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is there a textbooks that explains the maxwell equations in differential form?

What I understood so far is, that the $E$ and $B$ fields can be assembled to a differential 2 Form $F$, and the Maxwell Equations can be written quite nicely with the Hodge $*$ and the exterior deriative $d$. Going further the equations can be derived as an Euler Lagrange (or Yang Mills?) equation from a connection of a fibre bundle.

I am searching for a book that describes how the geometric entities are mapped to the physical entities with a focus on mathematical exactness.


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Is space empty? – Charles Matthews Aug 5 '11 at 10:35
Hoping to be useful to you, I added the ``reference-request'' tag. – Giuseppe Aug 5 '11 at 14:20
@Charles: I don't understand the question. The Maxwell equations with sources also admit a differential form formulation. For example, in the absence of magnetic sources, they are $dF = 0$ and $d\star F = \star J$, where $J$ is the source's electric current. – José Figueroa-O'Farrill Aug 5 '11 at 14:57

Bernard F. Schutz, Geometrical methods of mathematical physics, p 175, chapter 5.11 Rewriting Maxwell's equations using differential forms.

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Baez & Muniain, Gauge Fields, Knots and Gravity, chapter 5, p. 69, Rewriting Maxwell's equations.

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  • M. Nakahara, Geometry, topology and physics. Paragraph 10.5 "Gauge theories", specifically 10.5.1 "$U(1)$ gauge theories".

  • R.S. Palais, The geometrization of physics, lecture notes from a course at National Tsing Hua University Hsinchu, Taiwan June-July 1981 [available on the internet, I think] Specifically, the paragraph "Generalized Maxwell equations"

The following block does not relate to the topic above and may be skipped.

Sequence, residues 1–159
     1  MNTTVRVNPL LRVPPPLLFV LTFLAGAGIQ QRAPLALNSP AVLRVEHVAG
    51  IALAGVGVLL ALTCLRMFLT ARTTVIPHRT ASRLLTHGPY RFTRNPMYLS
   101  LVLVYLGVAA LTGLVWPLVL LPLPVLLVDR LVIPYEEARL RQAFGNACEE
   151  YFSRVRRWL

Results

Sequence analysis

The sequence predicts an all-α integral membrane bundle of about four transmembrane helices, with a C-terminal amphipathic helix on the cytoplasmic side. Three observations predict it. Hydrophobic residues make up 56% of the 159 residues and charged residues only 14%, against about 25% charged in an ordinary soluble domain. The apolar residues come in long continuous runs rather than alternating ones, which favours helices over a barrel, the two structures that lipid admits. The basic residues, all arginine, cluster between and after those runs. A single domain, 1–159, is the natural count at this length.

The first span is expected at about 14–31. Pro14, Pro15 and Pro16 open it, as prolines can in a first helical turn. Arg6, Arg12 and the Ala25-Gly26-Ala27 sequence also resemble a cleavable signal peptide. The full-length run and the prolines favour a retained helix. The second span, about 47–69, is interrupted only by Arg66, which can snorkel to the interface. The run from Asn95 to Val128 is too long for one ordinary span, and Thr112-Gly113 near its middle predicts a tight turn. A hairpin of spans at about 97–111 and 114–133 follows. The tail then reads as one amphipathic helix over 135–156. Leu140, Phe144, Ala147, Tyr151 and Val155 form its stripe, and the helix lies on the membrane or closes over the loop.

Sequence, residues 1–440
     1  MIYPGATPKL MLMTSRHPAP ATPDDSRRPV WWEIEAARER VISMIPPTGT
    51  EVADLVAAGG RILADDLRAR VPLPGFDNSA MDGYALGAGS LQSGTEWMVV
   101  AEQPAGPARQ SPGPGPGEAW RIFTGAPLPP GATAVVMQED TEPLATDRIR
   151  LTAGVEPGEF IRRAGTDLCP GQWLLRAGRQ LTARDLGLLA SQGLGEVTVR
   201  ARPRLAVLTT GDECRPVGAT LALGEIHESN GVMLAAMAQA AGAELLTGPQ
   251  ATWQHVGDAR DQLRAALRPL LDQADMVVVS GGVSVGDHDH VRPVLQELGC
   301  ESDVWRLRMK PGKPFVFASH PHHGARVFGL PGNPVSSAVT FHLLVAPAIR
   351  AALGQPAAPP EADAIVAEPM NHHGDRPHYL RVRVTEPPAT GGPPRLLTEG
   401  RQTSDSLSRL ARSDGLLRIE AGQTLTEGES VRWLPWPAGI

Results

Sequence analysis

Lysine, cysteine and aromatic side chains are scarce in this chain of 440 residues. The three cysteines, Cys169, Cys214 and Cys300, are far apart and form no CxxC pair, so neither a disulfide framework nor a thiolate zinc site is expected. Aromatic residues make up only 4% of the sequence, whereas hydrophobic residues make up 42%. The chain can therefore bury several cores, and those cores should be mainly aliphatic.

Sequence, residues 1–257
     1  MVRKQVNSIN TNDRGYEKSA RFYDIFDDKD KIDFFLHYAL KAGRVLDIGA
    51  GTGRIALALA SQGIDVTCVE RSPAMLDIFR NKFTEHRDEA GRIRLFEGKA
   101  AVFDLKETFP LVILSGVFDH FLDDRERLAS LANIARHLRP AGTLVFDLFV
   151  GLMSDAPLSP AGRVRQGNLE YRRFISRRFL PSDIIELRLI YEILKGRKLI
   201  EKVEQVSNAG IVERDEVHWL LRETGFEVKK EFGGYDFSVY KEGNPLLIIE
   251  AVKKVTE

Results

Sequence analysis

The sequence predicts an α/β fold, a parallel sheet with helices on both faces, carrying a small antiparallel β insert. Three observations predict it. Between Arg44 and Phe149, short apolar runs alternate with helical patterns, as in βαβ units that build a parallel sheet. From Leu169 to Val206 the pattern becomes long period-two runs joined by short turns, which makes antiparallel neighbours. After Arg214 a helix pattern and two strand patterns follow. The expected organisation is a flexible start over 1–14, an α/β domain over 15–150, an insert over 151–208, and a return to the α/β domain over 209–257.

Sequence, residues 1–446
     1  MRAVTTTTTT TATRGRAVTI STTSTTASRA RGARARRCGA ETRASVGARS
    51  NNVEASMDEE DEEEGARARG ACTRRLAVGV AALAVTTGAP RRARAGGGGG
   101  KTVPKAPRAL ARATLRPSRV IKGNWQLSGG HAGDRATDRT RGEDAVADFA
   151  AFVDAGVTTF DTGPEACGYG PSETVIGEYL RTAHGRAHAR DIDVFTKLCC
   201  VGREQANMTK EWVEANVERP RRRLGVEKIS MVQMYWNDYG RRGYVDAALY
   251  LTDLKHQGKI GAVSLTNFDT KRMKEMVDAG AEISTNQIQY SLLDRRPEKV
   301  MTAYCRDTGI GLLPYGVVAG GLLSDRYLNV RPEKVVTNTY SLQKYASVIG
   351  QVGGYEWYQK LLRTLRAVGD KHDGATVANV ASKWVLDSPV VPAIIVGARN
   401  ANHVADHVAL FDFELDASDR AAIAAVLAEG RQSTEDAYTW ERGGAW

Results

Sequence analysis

• G.Svetlychny, Preparation to gauge theory [freely available on the ArXiv]. Chapter 7 "electromagnetism" paragraph 7.1 "Maxwell's Equations".

  • H.Youk, A survey on gauge theory and Yang-Mills equations [available on the internet, I think]. Paragraph 7.1 "The Hodge-star operator and Maxwell's equations".

  • Eguchi et al., Gravitation, gauge theories and differential geometry.

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Here is a link to my book mentioned above: – Dick Palais Aug 6 '11 at 16:35

I really strongly recommend chapter 2 of Naber's "Topology, Geometry, and Gauge Fields: Interactions". In this book and its companion volume "Topology, Geometry, and Gauge Fields: Foundations", Naber provides a detailed, self-contained introduction to topology and geometry with a view toward physics. Both books are extremely detailed and strike an excellent balance between mathematical sophistication and physical motivation (with a bias toward the math). I can't recommend them enough.

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I agree. These are the books I always point to when undergraduates ask me where they can start to learn about more advanced topics in geometry, with an emphasis on relations to physics. They are very clearly written, too. – Spiro Karigiannis Aug 6 '11 at 11:47

Bolibruch's nice explanation is here: I do not know whether it has English translation, sorry.

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The best exposition that I am aware of is in Section 2.9 of Lewis Ryder's book "Quantum Field Theory":

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I would add:

  1. (K. F. Warnick, R. H. Selfridge and D. V. Arnold, Teaching Electromagnetic Field Theory Using Differential Forms)

  2. (F. W. Hehl and Y. N. Obukhov, Foundations of Classical Electrodynamics)

  3. (R. S. Ingarden and A. Jamiolkowski, Classical Electrodynamics)

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I remember that when I was studying for an exam in electrodynamics I really liked this book:

  • Parrott, Stephen: "Relativistic electrodynamics and differential geometry" (Springer, 1987) (MathSciNet Review)

It aims to give a mathematically precise treatment of the fundamentals of classical electrodynamics in the language of Lorentzian geometry. Unfortunately, it seems to be difficult to come by. Neither Google books nor Amazon have a preview for it.

But it's really worth a look, not only because of the mathematical language, but because it discusses something that usually gets swept under the rug, namely that a charged "test particle" in an electromagnetic field is not only affected by the field but actually interacts with the field! This has always bugged me in my physics courses.

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